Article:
Can Dogs have skin Cancer?

Protected from the sun by a set of fur, it doesn’t come in our mind very often that our dogs might have skin cancer, but the fact is, they might and cancer tumors on the skin are the most common type of tumor in dogs. Skin cancer is as dangerous to dogs as it is to human and could be fatal, fortunately, if diagnosed early, there is a good chance that it can be cured. In the length of this article, how to spot unusual lumps on your dog’s skin and what action to take will be concerned.

  1. Types of skin cancer

One of the most common types of skin cancer in dogs is malignant melanoma. This type of cancer is found mostly on the part of body covered with hair. They are known to grow fast and spread to the dog’s organ. It is believed that genetics has a role to play in forming this type of cancer as well as trauma or compulsive licking of a certain spot.

Squamous cell carcinoma is another popular cancer in dogs. This is usually caused by the dog’s too much exposure to the sun. It is also suspected that it has something to do with the papilloma virus. Although they do not spread to surrounding lymph nodes, they can destroy tissues around the tumor due to their aggression.

The most common type is mast cell tumors, which occurs in the immune system’s mast cells. It is unknown that what causes this type of skin cancer though some cases have been recorded to have inflammation or irritants on the skin.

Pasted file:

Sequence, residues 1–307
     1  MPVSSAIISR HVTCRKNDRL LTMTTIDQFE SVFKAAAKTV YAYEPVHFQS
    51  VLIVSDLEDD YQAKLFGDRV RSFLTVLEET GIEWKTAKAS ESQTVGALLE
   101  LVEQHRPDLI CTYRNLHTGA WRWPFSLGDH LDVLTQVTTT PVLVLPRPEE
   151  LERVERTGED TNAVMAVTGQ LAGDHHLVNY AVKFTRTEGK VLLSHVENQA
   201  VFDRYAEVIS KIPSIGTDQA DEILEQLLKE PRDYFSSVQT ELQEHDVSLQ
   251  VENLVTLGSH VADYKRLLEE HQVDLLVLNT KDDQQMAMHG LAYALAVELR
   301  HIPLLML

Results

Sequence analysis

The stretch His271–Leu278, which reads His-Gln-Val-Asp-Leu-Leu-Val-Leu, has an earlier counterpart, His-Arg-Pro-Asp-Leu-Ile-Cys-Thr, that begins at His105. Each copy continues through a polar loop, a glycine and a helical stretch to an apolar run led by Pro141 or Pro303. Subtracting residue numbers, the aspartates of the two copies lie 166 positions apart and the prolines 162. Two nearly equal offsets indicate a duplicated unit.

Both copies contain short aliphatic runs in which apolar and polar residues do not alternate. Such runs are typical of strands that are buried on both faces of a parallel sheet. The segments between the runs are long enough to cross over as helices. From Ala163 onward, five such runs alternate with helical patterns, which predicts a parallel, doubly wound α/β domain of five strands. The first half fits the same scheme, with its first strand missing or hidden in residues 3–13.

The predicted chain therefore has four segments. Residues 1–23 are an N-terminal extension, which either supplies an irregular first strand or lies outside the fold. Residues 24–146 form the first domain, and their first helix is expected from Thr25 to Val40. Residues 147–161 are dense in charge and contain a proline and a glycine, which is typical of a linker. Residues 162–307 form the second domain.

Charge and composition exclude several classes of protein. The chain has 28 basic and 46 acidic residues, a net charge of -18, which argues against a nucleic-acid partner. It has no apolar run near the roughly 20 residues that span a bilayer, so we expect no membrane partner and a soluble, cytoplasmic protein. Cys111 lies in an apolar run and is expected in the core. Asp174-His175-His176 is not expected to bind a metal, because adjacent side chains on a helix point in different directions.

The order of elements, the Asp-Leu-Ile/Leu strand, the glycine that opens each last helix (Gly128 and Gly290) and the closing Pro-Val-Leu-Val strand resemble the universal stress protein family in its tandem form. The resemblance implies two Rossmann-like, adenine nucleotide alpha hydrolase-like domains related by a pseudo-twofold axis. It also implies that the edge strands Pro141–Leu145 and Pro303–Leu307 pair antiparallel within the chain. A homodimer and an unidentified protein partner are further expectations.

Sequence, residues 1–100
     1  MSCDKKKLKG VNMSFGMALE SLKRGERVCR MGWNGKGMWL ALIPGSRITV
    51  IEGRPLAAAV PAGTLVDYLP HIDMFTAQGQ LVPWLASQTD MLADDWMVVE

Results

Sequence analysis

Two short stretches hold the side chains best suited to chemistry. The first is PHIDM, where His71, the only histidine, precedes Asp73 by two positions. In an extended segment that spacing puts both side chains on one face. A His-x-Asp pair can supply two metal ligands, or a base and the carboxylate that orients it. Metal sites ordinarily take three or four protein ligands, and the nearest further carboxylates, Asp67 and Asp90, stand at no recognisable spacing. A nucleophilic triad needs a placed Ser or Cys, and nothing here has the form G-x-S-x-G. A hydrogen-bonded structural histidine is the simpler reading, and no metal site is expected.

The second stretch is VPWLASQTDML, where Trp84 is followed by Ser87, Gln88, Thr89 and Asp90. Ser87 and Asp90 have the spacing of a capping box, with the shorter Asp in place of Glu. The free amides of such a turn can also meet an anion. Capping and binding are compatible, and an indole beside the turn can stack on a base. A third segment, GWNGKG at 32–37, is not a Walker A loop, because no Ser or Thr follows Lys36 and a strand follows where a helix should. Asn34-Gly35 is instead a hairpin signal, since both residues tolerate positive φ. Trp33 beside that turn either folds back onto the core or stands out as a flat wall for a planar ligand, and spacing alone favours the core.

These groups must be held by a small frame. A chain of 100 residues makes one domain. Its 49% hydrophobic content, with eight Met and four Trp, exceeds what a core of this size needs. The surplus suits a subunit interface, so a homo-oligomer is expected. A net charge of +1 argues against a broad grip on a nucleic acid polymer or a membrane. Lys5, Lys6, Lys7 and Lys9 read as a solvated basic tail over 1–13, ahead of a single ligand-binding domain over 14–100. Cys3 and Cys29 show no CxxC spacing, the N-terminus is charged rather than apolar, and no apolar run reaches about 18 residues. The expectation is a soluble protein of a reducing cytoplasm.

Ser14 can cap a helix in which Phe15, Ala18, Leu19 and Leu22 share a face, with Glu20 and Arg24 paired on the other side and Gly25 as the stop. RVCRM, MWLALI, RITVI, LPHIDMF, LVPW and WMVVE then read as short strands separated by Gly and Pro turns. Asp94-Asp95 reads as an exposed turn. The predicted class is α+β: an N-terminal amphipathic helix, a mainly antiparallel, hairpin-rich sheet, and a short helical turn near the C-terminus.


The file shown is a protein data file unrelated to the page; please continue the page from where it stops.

1. Why?

All dogs have fur to cover their body except for the ears and the nose that has little to none to shield from the sun. Although sun damage to the skin could be a factor that leads to skin cancer in dogs, it is not the only cause. Age, color, and breed of dog also play an important role to such misfortune. Depending on the types of cancer, dogs in a certain age could suffer from that type of cancer. For example, melanomas are common among dogs from 5 to 11 years old, or malignant melanomas on the toe or in the toenail bed are more common in black dogs. Dysfunction in hormones is also worth considering.

  1. Symptoms

Mostly the symptom is just irregular lumps on the dog’s body. These lumps’ appearance might be different depending on the type of cancer.

For malignant melanoma, the lumps are benign melanocytomas with the size ranging from very small to 2.5 inches in diameter with different colors of black, brown, gray or red. This is often found in the dog’s mouth, lips, toenail bed and pads of the feet, which is often mistaken as a simple infection.

The tumors of squamous cell carcinoma are often firm and look like a wart. They are found mostly on the dog’s bellies and genitals and occasionally on their feet.

Mast cell tumors often grow very slow and feel like rubber, but some are aggressive and may ulcerate, making the area sore and inflamed

When you spot these differences on your dog’s skin, you should consult your vet so they can take a look and use medical tests to confirm and have suitable treatment, either it’s surgery, radiation or chemotherapy.

  1. Recovery

After the removal, your dog still have to pay the vet a visit weekly for 2-3 weeks to recheck so examine healing and make sure the cancer does not come back. A cone on the neck could be applied to prevent scratching or licking on the area.

Antibiotics and painkiller might also be necessary to keep the dog comfortable so remember to give them as the vet advised and report to your vet about any bleeding, swelling, loss of suture or redness.

No precautions could be taken so the only thing you can do is to examine your dog’s skin regularly to spot the tumor early, increase your dog’s chance to survive.

 

 

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